In September 2010 we published our entire source code on CodePlex, making it available under the Mozilla Public License 1.1.

From that point on it has been quite a ride. We went from a local and obscure presence to thousands of downloads, used in more than a hundred countries, getting intensive activity in our forums, seeing fantastic contributions and seeing our CMS powering websites ranging from the small private wedding site to Fortune 500 company sites. People have been overwhelmingly positive, constructive and friendly – the feedback and consistent 5-star reviews we have gotten so far on CodePlex have been fantastic, something that really helps keep up the morale and fighting spirit in the core group :)

InfoQ: Azure seems to be an important platform for Composite C1. Why did you choose to focus on it over other cloud platforms from companies such as Amazon?

Marcus: We can run on premise and on Windows Azure. We began focusing on Windows Azure from very early on because there was a perfect technology fit, and in the .NET world the tooling, services and APIs you get with Windows Azure are beyond anything we have seen elsewhere. Since .NET is a first class citizen all over, the entire cloud infrastructure works like a natural extension and we can trust things will stay this way moving forward.

Windows Azure is also an interesting platform from a commercial point of view. Since most people use Composite C1 gratis we look at ways we can provide a valuable service and, through that, generate funding for our continued software development. Paying money for quality hosting is generally accepted and Windows Azure allows us to offer both cheap and saleable hosting options. Providing Composite C1 as a service where you can visit our website and have a site running a few minutes later also allows us to expand our reach.

InfoQ: Does Composite C1 support Mono?

Marcus: No, sadly we are dependent on features in .NET which haven’t been ported to Mono and we don’t have the resources to contribute to Mono to help fill out those gaps.

InfoQ: Can you go into more detail?

Marcus: It is some ago we last looked for the biggest issues we had with mono, but a big showstopper was and is Workflow Foundation - we are using the flavor of WF that released with .NET 3.5 and this never made it to mono.

With .NET 4 Microsoft released what I guess was a complete rewrite of WF with new namespaces and all and left the initial WF in the dust, deprecated in .NET 4.5.

So we have a task there, and by that we would be closer to Mono support.

InfoQ: How large is the Composite C1 team? Are they all internal or do you also take code submissions from the community?

Marcus: Currently the core development team consists of three people – Dmitry Dzygin, Taras Nakonechnyi and me. Poul Kjeldager Sørensen spearheads our Windows Azure efforts and we have Vitaly Vysotskyi ensuring we ship documented and thoroughly tested bits. Our talented Inna Boitsun focuses on starter templates and feature packages, while our CEO Oskar Lauritzen focuses on sales, and our jack-of-all-trades Pavlo Kuzminskyi focus on helping customers and the rest of our organization. Honorable mentions should also go to Jesper Moth and Martin Ingvar Jensen who were indispensable members of the core team through the first 4 years of development.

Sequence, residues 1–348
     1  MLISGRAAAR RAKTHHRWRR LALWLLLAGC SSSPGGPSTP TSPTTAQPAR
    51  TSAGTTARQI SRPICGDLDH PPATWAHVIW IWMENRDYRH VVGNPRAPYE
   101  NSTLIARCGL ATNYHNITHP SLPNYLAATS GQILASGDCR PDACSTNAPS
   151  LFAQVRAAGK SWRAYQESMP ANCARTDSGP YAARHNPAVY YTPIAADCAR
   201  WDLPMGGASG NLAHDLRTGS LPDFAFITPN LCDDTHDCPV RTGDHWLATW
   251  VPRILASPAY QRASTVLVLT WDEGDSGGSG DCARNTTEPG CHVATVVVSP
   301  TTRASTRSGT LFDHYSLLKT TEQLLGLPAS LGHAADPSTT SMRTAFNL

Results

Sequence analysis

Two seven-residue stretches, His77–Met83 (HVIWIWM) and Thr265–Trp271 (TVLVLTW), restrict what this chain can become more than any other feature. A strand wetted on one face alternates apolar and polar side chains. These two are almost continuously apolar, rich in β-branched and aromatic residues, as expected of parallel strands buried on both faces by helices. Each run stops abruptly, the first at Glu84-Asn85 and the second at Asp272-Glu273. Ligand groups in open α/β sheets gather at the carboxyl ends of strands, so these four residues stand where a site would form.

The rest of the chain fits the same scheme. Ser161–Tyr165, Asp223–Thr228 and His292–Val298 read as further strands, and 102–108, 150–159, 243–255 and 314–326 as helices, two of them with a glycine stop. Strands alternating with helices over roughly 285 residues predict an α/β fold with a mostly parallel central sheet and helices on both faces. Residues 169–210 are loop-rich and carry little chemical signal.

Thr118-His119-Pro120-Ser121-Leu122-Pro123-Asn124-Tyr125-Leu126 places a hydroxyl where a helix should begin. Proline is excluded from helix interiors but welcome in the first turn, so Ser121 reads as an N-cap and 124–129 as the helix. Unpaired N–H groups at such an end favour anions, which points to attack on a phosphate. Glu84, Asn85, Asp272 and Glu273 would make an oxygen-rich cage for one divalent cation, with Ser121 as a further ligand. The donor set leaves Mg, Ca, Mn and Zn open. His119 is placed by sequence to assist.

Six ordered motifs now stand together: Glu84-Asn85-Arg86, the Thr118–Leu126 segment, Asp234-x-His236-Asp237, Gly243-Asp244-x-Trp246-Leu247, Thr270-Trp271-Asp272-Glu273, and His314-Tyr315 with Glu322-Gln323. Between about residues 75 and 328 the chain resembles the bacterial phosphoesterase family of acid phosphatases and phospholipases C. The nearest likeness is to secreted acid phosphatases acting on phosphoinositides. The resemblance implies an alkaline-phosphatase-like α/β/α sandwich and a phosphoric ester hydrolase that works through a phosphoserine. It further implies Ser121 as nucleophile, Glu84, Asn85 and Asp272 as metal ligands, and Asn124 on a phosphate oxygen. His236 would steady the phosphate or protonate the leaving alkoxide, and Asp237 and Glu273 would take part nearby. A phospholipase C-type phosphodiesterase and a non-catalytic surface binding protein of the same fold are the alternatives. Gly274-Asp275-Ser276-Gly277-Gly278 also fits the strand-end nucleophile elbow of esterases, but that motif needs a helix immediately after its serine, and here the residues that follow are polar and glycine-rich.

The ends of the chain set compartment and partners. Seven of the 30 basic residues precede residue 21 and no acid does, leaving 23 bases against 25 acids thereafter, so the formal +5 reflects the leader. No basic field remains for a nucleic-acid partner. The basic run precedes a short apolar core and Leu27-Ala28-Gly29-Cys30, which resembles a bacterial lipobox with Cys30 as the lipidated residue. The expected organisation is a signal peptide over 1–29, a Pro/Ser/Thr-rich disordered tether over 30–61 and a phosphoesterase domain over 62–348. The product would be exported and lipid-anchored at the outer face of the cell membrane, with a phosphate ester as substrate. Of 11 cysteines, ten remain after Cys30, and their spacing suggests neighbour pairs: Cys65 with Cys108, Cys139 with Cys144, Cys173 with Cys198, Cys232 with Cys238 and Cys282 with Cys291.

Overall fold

While the bulk of our work is done internally, we both welcome and promote code submissions from the community and we take our public issue tracker very seriously. We only have 12 open bugs and we try hard to include top voted feature requests.

When we went open source we were missing core support for ASP.NET Master Pages for templates and Razor for content renderings, and this gap was filled by Pauli Østerø, a community member, who contributed these as separate packages. This gained so much traction in the community that we absorbed it into our core and work like that has been really helpful moving forward.

We have also received a lot of smaller patches to the core, full translations of our UI to languages like German, Chinese, Russian etc. and some great feature packages (add-ons) that bring in things like seamless integration between Entity Framework and the Composite C1 data system.

In general we spend time on ensuring quality in these submissions, especially patches to the core which we tend to adapt a lot. We are in this for the long haul and need our code base to be sound and easy to maintain, and we prefer that people using Composite C1 have an error free experience rather than an abundance of options.

About the Interviewee

Marcus Wendt is lead on the Composite C1 project - a web CMS that is open source and running on the .NET web stack - where he is mostly concerned with giving both users and developers a good user experience. You can reach him on his website and on twitter.